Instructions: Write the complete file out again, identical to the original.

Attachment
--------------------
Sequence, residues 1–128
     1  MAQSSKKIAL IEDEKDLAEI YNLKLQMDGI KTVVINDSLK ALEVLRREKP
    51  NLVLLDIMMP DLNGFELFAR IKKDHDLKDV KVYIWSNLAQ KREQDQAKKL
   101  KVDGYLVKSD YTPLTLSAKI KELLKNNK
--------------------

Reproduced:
Sequence, residues 1–128
     1  MAQSSKKIAL IEDEKDLAEI YNLKLQMDGI KTVVINDSLK ALEVLRREKP
    51  NLVLLDIMMP DLNGFELFAR IKKDHDLKDV KVYIWSNLAQ KREQDQAKKL
   101  KVDGYLVKSD YTPLTLSAKI KELLKNNK